Colossians 4 Bible Study, Summary and Discussion Questions

by Jack Wellman · Print Print · Email Email

Here is a Bible study, summary, and discussion questions for Colossians chapter four.

Colossians 4:1 “Masters, treat your bondservants justly and fairly, knowing that you also have a Master in heaven.”

The Apostle Paul was concerned with those who had bondservants that they be treated fairly and justly and not be taken advantage of, which was happening to many of them, particularly those who are outside of the household of faith.  That’s more understandable for unbelievers but we have no excuse for treating anyone unfairly or unjustly and should remember that we to “have a Master in heaven” to which we’ll be held accountable for how we treat others.


What is the equivalent to a bondservant today?

Why did the Apostle Paul have to remind the Colossians about treating their bondservants fairly and justly?

Colossians 4 Bible Study

Colossians 4:2-4 “Continue steadfastly in prayer, being watchful in it with thanksgiving.  At the same time, pray also for us, that God may open to us a door for the word, to declare the mystery of Christ, on account of which I am in prison—that I may make it clear, which is how I ought to speak.”

There are several occasions in the Book of Colossians where Paul says we’re to pray always or continuously but this prayer request is specifically for Paul who asks for prayers for an open door to preach the gospel and more than that, he wants to make known the mystery of Christ.  He asks for an open door and open hearts to receive Christ and to be shown how he ought to speak or what words he should use.


Don’t you think Paul was already bold?  If so, why does he ask for prayers for such a thing?

What does Paul mean by asking that God would open a door for the word?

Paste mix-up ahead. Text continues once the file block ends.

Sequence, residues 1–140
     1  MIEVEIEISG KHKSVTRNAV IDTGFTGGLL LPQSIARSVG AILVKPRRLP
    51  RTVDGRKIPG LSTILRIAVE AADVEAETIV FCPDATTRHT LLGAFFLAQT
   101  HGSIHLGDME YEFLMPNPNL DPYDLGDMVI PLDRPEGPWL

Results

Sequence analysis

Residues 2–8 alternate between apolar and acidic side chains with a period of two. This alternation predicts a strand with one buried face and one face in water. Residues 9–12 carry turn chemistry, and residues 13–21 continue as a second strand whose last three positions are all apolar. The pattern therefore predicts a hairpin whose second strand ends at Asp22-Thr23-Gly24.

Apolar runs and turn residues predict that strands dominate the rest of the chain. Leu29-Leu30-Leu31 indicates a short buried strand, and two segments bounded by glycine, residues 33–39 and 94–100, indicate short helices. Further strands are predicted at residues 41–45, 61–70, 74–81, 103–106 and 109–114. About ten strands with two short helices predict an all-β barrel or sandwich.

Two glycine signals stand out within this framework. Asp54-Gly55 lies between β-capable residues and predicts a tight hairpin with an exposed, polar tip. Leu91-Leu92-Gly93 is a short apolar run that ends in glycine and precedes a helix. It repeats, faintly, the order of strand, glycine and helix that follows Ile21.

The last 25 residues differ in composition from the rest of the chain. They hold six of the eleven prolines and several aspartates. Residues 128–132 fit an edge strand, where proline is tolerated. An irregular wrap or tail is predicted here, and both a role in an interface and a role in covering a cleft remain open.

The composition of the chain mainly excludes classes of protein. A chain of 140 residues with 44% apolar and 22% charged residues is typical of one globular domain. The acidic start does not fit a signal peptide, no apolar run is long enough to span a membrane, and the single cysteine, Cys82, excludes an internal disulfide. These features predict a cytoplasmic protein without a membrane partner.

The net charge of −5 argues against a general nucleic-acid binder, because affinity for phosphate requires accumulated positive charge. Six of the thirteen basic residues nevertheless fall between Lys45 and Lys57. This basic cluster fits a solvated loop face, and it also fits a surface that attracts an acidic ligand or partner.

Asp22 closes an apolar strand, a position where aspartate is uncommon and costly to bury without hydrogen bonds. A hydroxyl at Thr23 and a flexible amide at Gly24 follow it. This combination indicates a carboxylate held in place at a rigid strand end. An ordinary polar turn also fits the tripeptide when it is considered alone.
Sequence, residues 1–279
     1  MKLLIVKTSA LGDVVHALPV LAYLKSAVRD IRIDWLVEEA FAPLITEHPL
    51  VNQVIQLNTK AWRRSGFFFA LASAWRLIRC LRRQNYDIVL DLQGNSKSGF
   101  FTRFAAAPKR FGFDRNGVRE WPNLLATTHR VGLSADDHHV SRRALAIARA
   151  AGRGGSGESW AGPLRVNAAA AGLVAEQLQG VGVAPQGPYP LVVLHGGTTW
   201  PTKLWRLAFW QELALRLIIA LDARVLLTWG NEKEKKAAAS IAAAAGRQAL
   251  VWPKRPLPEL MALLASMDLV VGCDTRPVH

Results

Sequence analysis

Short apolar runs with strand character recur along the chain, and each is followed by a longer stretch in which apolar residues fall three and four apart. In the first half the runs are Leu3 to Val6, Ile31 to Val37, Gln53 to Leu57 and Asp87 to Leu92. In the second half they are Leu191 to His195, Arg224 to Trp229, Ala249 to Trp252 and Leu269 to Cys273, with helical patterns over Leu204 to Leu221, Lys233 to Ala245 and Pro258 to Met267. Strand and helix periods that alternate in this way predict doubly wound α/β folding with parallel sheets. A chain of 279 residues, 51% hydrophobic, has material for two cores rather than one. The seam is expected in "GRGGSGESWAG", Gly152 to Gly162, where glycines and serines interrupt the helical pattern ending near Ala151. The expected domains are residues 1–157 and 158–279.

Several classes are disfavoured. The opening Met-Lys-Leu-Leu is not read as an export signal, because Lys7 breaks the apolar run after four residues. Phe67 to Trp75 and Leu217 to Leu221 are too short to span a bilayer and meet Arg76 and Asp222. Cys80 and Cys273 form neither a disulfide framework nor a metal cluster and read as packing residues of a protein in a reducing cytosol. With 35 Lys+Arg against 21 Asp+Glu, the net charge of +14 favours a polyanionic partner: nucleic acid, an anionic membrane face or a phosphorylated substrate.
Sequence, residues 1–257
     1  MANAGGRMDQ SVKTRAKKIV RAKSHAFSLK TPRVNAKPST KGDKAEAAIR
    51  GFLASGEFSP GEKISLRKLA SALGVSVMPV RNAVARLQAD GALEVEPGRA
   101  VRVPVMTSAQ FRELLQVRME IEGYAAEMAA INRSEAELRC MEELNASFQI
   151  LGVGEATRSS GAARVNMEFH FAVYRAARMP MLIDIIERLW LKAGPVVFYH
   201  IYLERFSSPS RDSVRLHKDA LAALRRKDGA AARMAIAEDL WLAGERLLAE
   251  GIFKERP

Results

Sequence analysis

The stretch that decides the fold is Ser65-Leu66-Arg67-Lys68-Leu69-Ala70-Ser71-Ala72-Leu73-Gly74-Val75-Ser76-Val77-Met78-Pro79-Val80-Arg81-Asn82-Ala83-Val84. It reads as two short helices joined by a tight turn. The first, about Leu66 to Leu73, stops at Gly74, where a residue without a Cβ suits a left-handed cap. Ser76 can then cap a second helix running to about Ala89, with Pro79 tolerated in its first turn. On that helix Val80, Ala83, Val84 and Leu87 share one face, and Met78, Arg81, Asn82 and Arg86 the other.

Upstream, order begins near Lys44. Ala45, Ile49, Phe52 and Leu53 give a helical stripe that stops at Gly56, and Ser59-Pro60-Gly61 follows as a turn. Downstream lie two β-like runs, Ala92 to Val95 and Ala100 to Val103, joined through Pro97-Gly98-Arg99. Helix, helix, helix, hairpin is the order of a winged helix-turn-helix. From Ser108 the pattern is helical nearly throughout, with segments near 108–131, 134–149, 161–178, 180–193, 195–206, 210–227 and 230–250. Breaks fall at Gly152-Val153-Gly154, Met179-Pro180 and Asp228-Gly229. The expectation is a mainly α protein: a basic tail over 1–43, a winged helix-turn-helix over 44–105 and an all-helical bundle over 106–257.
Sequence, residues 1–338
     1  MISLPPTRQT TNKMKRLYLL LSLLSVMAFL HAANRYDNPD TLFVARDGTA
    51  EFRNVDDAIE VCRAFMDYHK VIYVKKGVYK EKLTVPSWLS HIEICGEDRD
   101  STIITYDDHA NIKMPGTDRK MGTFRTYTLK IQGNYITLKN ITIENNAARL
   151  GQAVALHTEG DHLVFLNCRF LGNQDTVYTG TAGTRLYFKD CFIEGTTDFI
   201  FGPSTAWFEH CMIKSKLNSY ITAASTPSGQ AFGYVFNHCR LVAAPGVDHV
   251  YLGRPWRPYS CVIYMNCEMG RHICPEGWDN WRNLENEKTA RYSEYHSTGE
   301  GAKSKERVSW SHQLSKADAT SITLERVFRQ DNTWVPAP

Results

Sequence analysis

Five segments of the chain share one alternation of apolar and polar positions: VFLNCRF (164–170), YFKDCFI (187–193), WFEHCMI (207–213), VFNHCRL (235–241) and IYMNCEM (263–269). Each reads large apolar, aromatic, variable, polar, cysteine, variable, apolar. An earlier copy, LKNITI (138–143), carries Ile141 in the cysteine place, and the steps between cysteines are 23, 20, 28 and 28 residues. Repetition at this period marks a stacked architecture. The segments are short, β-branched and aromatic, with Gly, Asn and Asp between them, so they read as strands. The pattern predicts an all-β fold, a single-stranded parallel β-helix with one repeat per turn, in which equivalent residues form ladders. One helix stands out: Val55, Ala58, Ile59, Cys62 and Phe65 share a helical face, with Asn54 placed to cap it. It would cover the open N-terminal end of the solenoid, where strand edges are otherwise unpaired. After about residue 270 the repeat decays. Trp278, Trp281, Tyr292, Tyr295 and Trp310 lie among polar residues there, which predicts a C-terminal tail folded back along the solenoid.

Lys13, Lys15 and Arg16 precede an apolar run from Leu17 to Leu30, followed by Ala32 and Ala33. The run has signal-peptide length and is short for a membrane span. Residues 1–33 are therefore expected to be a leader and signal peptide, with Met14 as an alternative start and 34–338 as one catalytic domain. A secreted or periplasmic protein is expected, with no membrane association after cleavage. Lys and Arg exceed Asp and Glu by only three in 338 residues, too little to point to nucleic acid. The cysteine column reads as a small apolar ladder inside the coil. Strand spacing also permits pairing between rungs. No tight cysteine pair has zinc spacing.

Why is it called “the mystery of Christ?”

Colossians 4:5-6 “Walk in wisdom toward outsiders, making the best use of the time.  Let your speech always be gracious, seasoned with salt, so that you may know how you ought to answer each person.”

The verse where Enoch walked with God and was no more is symbolic of our salvation and in fact, many of the heroes and heroines of the faith like Noah were said to walk with God (Gen 5:24; Gen 6:9; Heb 11:5) but here, Paul mentions that we should walk in wisdom toward those who are outside of the household of faith and to redeem the valuable time that we’ve all been given.  Our words should be seasoned with salt, for without salt, we would did but also salt is a preservative and a cleansing agent but also stings to the wounds of the proud.  If we do, we should know how to give an answer for the hope that lives in us (1st Pet 3:15).


Why is “walking with God” seen as important to Paul?

Why is our speech important to outsiders?

What do you think being “seasoned with salt” means?

Colossians 4:10-11 “Aristarchus my fellow prisoner greets you, and Mark the cousin of Barnabas (concerning whom you have received instructions—if he comes to you, welcome him), and Jesus who is called Justus. These are the only men of the circumcision among my fellow workers for the kingdom of God, and they have been a comfort to me.”

When Paul addressed the Colossians, he reminded them of who was with him and being servants of God. They included Aristarchus, among others, who are laboring diligently in prayer for the church and who might have been for a time, imprisoned with Paul.  Paul says that Aristarchus is one of the hardest workers in the faith, as far as Paul is concerned and so he wants them to welcome him.